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What to buy now – gold and silver shine, but to varying degrees

Practice Stock Trading
Updated: 18 September 2020
  • Prices of gold and silver have rallied on the back of announcements that have triggered traders to act on established buy-signals.
  • In terms of geopolitical risk, statements from Donald Trump point to increased friction with China.
  • The statement from the US Fed on Wednesday confirmed that the present record low-interest rates might be the new normal. Low rates often drive precious metal prices higher.
  • The two metals are, however, different beasts. A short-term pull-back could be on the cards inviting traders to buy into the metals, but there is a question of which one offers the better return?

Price charts from broker Pepperstone show both gold and silver breaking out into upward price trends. The one-hour chart of each showing a break of a sideways channel which had formed after the last leg-up in prices on the 7th of May.

 

Gold XAUUSD – 1 hr price chart

Source: Pepperstone

 

Silver XAGUSD – 1 hr price chart

Source: Pepperstone

 

The Daily Fix area of the Pepperstone website is free to use and not being behind a paywall can be accessed easily. Not only does the market analysis and comment come at no charge, it is also insightful and current. Chris Weston, the brokers Head of Research on Friday issued a note on gold, he wrote:

“I would be looking at the fact that ‘real’ (or inflation-adjusted) rates have pushed a touch lower has also helped, not to mention further talk of fiscal stimulus which will only increase the deficit. The bulls look to be in control here, and I expect an upside break to get plenty of attention.”

Source: Pepperstone

There could be good news for those traders looking to take a little time doing some research. Further and more detailed analysis can found in the Pepperstone note entitled, The Japanification of the US – the truly bullish case for gold. With gold being something of a bellwether for the global economy, even those looking at macro-trends, rather than the gold market itself would do well to be familiar with the ideas shared by Weston.

“Gold is a hedge against a blow out in the fiscal deficit, it is a hedge against central bank experiments and fiat currency debasement and is for 2020 perhaps a hedge against a re-focus on the global pool of negative-yielding bonds.”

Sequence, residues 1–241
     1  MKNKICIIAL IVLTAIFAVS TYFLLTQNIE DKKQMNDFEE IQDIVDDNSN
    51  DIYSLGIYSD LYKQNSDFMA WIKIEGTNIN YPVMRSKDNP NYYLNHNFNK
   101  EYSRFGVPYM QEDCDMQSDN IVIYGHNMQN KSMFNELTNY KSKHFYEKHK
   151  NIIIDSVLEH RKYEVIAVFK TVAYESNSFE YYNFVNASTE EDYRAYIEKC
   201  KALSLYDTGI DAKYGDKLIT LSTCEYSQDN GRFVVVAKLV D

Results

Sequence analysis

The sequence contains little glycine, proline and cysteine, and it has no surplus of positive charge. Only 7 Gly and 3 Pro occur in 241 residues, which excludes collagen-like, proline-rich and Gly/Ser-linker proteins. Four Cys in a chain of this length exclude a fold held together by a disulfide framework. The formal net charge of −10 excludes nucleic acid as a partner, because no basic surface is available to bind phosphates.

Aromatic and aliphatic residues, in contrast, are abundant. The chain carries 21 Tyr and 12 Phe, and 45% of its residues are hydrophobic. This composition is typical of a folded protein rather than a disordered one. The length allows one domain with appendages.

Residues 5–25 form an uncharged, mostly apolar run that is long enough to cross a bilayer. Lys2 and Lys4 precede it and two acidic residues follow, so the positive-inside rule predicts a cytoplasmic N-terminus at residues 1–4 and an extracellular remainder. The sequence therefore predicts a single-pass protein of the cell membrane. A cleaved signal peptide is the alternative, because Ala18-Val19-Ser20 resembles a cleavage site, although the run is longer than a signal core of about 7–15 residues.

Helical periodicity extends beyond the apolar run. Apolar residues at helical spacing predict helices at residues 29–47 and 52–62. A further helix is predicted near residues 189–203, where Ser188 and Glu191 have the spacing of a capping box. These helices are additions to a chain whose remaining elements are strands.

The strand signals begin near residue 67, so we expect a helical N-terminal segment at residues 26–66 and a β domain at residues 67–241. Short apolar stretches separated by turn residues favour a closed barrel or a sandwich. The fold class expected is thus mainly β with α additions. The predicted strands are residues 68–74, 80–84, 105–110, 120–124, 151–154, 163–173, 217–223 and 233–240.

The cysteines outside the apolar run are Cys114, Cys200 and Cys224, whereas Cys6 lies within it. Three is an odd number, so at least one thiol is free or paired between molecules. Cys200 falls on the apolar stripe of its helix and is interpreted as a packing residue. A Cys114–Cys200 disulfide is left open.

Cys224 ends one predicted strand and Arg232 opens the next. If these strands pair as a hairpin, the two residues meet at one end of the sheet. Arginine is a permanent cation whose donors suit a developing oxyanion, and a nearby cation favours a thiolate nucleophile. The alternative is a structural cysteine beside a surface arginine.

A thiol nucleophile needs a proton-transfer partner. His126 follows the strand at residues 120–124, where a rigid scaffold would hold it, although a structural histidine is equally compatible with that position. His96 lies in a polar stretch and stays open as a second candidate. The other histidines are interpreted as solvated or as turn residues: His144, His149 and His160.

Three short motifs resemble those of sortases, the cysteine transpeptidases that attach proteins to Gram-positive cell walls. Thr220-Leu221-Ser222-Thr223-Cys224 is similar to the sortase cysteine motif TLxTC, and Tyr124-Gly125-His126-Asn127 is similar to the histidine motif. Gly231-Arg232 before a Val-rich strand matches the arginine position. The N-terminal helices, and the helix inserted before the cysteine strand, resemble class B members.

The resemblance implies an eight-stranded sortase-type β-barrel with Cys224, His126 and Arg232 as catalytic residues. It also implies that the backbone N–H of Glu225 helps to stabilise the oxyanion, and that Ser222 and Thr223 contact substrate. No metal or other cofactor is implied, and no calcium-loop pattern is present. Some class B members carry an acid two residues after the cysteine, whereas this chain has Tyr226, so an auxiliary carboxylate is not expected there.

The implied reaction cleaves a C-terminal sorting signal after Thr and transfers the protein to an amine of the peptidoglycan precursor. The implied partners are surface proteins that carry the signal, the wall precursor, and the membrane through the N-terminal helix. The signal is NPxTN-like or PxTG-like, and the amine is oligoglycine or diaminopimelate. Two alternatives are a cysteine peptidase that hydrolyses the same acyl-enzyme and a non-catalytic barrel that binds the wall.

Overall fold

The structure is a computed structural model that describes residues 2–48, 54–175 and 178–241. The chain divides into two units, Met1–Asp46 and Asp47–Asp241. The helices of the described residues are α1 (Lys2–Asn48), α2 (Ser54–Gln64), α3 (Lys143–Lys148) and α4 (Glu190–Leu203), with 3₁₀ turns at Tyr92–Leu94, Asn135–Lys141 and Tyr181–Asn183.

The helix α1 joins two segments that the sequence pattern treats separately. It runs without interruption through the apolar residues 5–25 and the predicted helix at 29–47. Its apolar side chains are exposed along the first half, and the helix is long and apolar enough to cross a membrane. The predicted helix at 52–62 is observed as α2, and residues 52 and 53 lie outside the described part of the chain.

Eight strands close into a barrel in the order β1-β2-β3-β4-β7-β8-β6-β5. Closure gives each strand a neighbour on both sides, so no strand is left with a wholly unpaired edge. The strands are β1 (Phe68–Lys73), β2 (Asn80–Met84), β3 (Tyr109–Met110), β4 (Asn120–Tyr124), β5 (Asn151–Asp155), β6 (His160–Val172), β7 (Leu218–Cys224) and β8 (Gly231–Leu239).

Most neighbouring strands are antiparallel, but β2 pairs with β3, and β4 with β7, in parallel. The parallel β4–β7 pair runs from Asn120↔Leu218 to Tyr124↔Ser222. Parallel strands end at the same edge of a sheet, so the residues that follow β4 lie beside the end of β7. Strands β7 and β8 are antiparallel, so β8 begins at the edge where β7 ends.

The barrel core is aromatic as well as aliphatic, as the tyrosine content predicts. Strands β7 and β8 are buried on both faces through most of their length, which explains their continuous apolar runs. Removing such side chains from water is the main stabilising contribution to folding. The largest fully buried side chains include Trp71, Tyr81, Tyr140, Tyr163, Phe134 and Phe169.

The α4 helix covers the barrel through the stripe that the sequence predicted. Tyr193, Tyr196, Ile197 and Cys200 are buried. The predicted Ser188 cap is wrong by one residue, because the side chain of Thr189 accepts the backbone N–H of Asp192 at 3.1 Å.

Source: Pepperstone

Taking time to brush up on current trends may also benefit traders in terms of trade-entry timing. Dimitri Zabelin, an analyst at DailyFX, can see the recent rally losing some steam, at least in the short term. Markets don’t go up in a straight line, and Zabelin detailed the levels at which gold bulls might look to take advantage of a pull-back in price and enter into long traders. He wrote:

“Recent price action suggests the precious metal may be losing steam as it trades within the range of the slope of appreciation. If it cracks under the weight of increased selling pressure, XAU/USD may encounter some downside friction between 1671.81 and 1671.84 before turning lower.”

Source: DailyFX

 

Source: DailyFX

 

While the market typically focuses on gold prices, silver is coming up on the rails. Investors have recently noted the difference in the price performance of the two metals. Gold’s rally is leaving silver in the blocks.

This anomaly has happened before. Trading the delayed reaction by silver and subsequent convergence of the two prices is a well-established strategy. Pepperstone offers clients markets in both metals and also the chance to short them. That opens up the opportunity to trade the spread between gold and silver by going long on one and short on the other. As both metals rise and fall in line with the general economic outlook traders can take advantage of the change in relative prices and still maintain a degree of neutrality to the wider market.

In her report entitled ‘Silver outlook is bullish' Maria Smirnova, Senior Portfolio Manager at Sprott Asset Management LP, gave her outlook on the spread between the two metals:

“The gold/silver ratio is very high at 110, given that the ratio has averaged 65 since the 1980s. Silver has a strong correlation to gold, and it has the potential to move significantly if the gold/silver ratio reverts to historical norms.”

Source: Sprott

 

Source: Sprott

 

Ms. Smirnova is not alone in identifying the return to economic production as a possible catalyst for silver prices to start outperforming those of gold. Half of the global demand for silver comes from industry. That is a higher proportion than for gold which is traded mainly as a financial asset. The argument for both metals being safe-havens and a hedge against risk and inflation stands firm. For silver though, the turning wheels of industry add a kicker to the metal’s price.

 

Source: Sprott

 

With the global lockdown easing and industrial production resuming, the price lag by silver could be about to be narrowed. Naked long positions, possibly after the next fall-back in prices, will bring profits to some. Many traders are still grappling with the risk that markets may either rally or crash soon or indeed both. For them, a market-neutral trade on the spread between the two metals may be the answer, and fortunately for them, Pepperstone supports both strategies.